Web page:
What is an Overdose?
An overdose is when too much of a drug (or drugs) in a person’s body and it affects their body’s ability to maintain basic functions needed for life (such as breathing, heart rate and body temperature regulation). In an opioid overdose, what usually happens is that a person’s breathing slows or stops. Not everyone who overdoses will die but there can be long-term effects such as brain damage from lack of oxygen.
Who can Overdose?
Anyone who uses substances (whether they are a new or long-term user) can overdose. A person may be more at risk of an overdose depending on:
- Substance(s) taken
- How much of a substance or substances were taken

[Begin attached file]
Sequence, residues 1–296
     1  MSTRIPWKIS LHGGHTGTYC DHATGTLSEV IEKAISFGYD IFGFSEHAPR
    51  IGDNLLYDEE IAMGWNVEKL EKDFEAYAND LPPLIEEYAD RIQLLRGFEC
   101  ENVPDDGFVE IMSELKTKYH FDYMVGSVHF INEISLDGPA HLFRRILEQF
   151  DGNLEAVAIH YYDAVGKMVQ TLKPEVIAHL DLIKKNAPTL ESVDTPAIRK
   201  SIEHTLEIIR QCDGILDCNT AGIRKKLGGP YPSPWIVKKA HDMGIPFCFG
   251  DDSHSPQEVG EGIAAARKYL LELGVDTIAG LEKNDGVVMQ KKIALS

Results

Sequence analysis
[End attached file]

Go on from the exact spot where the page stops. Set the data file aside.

- How strong and the quality of the substance(s) used
- If the substance(s) were cut with other drugs
- How the substance(s) were taken (i.e. orally, snorted, injected, etc.)
- Tolerance to the substance(s) used
- Health status (if there are any existing medical conditions)
- Setting where use occurs (e.g. using alone versus in a group)
- New supply or buying from a new dealer.
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Recognizing an Opioid Overdose
Remember that drugs may be combined, so you might see other symptoms. Signs of an opioid overdose include:
- Slow, erratic or no breathing
- Blue lips, nails or skin
- Limp body
- Pinpoint pupils
- Cold, clammy skin
- Doesn’t respond to shouting or shaking
- Deep snoring or gurgling sounds
- Loss of consciousness
*The difference between “the nods” and an overdose is unresponsiveness (not responding to shouting, shaking, etc.)
Responding to an Opioid Overdose
- Stimulate (shake shoulders, shout)
- Call 911
- Give Naloxone
- Chest compressions and rescue breathing
- Check (give another dose of naloxone after 3-5 minutes if no change)
The Haldimand-Norfolk Health Unit provides training and naloxone kits. See Naloxone Kits for more information.